The examples included in the Intel C for Metal Development Package are very diversified—from the simplest Hello, World, which shows the basic principles of C for Metal operation, to the rather complicated one—the implementation of the algorithm for finding the maximum flow, minimum cut graph (max-flow min-cut problem) used in image segmentation and stitching. All C for Metal examples are well documented right in the code and in the separate description, C for Metal Programming reference. It is reasonable to dive into C for Metal this way, sequentially studying and launching examples, and then modifying them to fit your needs.

For a general understanding of all the existing C for Metal features, it is strongly recommended that you study the C for Metal informal specification, the C for Metal description cmlangspec.html in the \documents\compiler\html\cmlangspec folder.

In addition to the C for Metal language itself the fixed function C for Metal API is included, and the functionality implemented in the GPU hardware, with access to the Texture Samplers, Motion Estimation, and some video analytics capabilities that can be used for general purpose calculations.

C for Metal - Strike while the Iron is Hot

Speaking about the performance of C for Metal applications, note that examples provided in the Intel C for Metal Development Package include measuring the time of their operation, so that by running them on the target system and comparing their functionality with your own tasks to be implemented, you can evaluate the appropriateness of using C for Metal.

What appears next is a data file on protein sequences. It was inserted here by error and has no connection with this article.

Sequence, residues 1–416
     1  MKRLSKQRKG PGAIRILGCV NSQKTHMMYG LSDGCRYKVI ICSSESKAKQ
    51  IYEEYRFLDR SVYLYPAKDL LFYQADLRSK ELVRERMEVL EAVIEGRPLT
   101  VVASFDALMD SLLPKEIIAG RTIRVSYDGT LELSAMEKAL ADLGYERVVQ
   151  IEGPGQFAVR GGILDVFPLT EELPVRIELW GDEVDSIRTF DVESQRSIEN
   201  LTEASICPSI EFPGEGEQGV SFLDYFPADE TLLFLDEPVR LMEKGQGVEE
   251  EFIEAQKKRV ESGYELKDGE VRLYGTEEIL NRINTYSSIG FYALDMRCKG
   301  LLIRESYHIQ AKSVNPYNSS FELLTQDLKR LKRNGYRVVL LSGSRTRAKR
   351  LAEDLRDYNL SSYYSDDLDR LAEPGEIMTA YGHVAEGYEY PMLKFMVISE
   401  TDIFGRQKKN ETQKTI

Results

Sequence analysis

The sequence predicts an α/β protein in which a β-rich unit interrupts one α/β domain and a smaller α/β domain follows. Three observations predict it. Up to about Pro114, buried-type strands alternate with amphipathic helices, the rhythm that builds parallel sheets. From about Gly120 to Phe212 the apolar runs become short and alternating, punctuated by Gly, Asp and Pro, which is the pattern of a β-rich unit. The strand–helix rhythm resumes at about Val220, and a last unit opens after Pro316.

The general considerations on C for Metal performance are quite simple:

  • When uploading calculations to the GPU, remember the overhead CPU <-> GPU data of transferring and these devices synchronizing. Therefore, an example such as Hello, World may be not a good candidate for a C for Metal implementation. But the algorithms of computer vision, AI, and any non-trivial processing of data arrays, especially with a data reordering in the process or at the output, is what C for Metal needs.
  • In addition, when designing C for Metal code, it is necessary to take into account the internal structure of the GPU; that is, it is advisable to create a sufficient number (> 1000) of GPU threads and load them all with work. At the same time, it is a good idea to divide the images into small blocks for processing. But the specific way of partitioning, as well as the choice of a specific processing algorithm to achieve maximum performance, is not a trivial task. However, this applies to any way of working with any GPU.

Do you have OpenCL code, but its performance does not please you? Or CUDA* code, but you want to work on a much larger number of platforms? Then it is worth a look at Intel C for Metal Development package.

Intel C for Metal Development Package is a living and evolving product. You could become not just a C for Metal user but a developer as well—the corresponding repositories on GitHub* are waiting for your commits. All the information necessary for both processes is in this article and the readme files on GitHub. And if something is missing, it will appear after your requests.

We would like to acknowledge Zvi Danovich, PhD, application engineer, Intel, for his valuable contribution to creation and improvement of this article.

Product and Performance Information